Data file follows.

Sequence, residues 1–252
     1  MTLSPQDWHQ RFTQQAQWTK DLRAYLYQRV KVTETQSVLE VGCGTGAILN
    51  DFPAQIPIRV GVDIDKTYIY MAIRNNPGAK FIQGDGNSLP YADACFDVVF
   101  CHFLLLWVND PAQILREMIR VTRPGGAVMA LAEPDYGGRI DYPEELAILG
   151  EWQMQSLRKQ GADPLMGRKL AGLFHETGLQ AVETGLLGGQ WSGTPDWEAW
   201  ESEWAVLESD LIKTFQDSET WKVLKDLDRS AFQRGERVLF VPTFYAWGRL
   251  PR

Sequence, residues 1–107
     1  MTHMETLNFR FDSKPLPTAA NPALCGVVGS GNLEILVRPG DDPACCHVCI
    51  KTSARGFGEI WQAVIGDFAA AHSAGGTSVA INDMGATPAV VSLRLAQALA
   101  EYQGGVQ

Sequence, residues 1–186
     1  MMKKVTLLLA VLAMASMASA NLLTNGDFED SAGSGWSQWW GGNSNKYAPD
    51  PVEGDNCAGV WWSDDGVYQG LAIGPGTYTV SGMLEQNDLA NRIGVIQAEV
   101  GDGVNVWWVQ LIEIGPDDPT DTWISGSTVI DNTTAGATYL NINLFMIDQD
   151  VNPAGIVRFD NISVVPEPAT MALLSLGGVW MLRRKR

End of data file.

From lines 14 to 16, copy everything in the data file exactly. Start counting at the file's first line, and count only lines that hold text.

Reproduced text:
    51  PVEGDNCAGV WWSDDGVYQG LAIGPGTYTV SGMLEQNDLA NRIGVIQAEV
   101  GDGVNVWWVQ LIEIGPDDPT DTWISGSTVI DNTTAGATYL NINLFMIDQD
   151  VNPAGIVRFD NISVVPEPAT MALLSLGGVW MLRRKR